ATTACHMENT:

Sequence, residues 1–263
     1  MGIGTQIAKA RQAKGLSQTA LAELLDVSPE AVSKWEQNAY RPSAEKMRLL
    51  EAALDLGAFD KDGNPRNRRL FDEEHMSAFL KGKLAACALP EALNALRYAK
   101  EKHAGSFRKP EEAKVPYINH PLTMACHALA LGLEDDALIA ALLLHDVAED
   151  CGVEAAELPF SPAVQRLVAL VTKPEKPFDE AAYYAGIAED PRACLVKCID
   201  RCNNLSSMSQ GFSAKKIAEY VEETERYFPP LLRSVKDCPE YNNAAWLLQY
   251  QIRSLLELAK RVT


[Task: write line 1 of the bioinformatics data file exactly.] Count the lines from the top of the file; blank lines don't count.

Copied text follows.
Sequence, residues 1–263